Minors in Fandom
|See also:||Ageism in Fandom, Fandom as a Safe Space, Age Statement|
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While in fandom circa 2000 there was a prevalent trend of minors pretending to be of age and of not releasing personal information like your real name or appearance, in 2010ish, particularly with the rise of Tumblr, there seems to be more of a trend of blogging fannishly while releasing a lot of personal information about yourself, like posting selfies or responding to little games that reveal the first letter of your first and last name. This revealed a lot of large group of fans who were under the age of 18, even putting their age in their profile.
Naturally, especially in fandoms with a prominent smut output, this led to controversy.
Harassment & Abuse of Minors
Minors Want A Safe Space
Fans have objected to the behavior of adults fans toward fictional minors. Their opposition is only to explicit content about minors, and this is a view held by both minors who seek to protect themselves and adults. Minors argue that they do not feel safe in fandom space when people far older than they are creating sexual content about people their own age.
This attitude is prevalent in fandoms around media for which younger people are the intended audience, but which draw a large fan following, such as cartoons. These fans may not object to shipping a certain relationship, but are uncomfortable with who is creating and consuming sexual content. They argue that it is wrong for a person to have sexual intention toward a person far younger than them whether or not that person is real or fictional, especially if they are underage.
Adults Should Coddle Minors
There has been a trend of minor fans on the internet harassing adult fans and then claiming that they're being bullied when they get a response. There's also been a trend of minors asking to not be followed by adults. These people seem to have a view that either adults should stop being in fandom or they should structure their fannish activities around what's appropriate for minors to view.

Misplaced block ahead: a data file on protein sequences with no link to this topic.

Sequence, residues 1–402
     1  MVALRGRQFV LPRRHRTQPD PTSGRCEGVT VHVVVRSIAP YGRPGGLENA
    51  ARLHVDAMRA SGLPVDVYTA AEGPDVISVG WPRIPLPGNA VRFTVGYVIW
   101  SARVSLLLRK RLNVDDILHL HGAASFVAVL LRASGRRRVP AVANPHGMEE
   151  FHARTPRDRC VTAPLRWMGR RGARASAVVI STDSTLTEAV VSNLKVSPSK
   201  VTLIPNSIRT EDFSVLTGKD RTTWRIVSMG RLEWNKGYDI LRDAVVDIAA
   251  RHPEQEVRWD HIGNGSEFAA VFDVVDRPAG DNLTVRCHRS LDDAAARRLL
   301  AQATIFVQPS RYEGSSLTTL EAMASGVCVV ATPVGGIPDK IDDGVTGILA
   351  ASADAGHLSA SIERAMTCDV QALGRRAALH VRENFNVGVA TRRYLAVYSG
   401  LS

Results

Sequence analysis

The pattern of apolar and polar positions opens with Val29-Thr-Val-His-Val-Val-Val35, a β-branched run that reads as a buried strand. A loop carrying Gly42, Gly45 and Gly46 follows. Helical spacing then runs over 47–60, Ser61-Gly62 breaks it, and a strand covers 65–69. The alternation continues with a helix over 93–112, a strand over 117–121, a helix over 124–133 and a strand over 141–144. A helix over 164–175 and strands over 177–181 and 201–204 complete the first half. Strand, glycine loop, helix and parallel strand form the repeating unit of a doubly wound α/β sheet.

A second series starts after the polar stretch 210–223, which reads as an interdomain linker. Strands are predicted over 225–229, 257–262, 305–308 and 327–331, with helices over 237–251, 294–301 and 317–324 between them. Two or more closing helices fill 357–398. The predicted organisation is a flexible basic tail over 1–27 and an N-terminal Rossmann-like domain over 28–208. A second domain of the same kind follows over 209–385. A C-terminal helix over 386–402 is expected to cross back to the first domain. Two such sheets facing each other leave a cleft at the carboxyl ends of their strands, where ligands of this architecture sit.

On the other had, minor fans may simply want to interact with people they consider their peers.
Minors Should Get Off the Unmoderated Internet
Adult fans have reacted to this by (among other things) asking minors to tell their parents to install web filtering software or reporting minors to the ToS of websites and services they use, like web url sites, for not being old enough to use them. Some of the sites which are most popular have had poor filtering software, thus occasionally searches in character tags would turn up porn, although things like safe search and blogs themselves identifying as explicit if they have nsfw content has made things better in that way on Tumblr. This of course hasn't stopped searches from turning up ships that are unpopular, but that's another topic entirely.
Some seem to view this as being asked to parent children who aren't theirs.
Art Vs. Writing
See: Aged Up
Age difference in pairings (sometimes only a year or so) became a hot topic in certain areas of fandom, making the seemingly simple topic of what characters are or aren't minors much more complicated than it was before. In the Voltron Fandom the revelation of the age of certain characters led to some who had previously decried shipping the relationship between characters who they viewed as an adult and a minor walking back their shipping outrage when half of a fairly common pairing became known to be 18 years old, while the other half was 16. So did the 18 year old count as an adult or a minor? We still don't know.
The Case of the 21 Year Old Minor
As becoming a minor became an unusual kind of shield, people began to call themselves minors at older and older times, or to say things like how they'll delete their blog when they turn 30 years old.
Some of these minors were over eighteen. Some of them were of drinking age in the United States, which is known for drafting people before they're able to legally drink.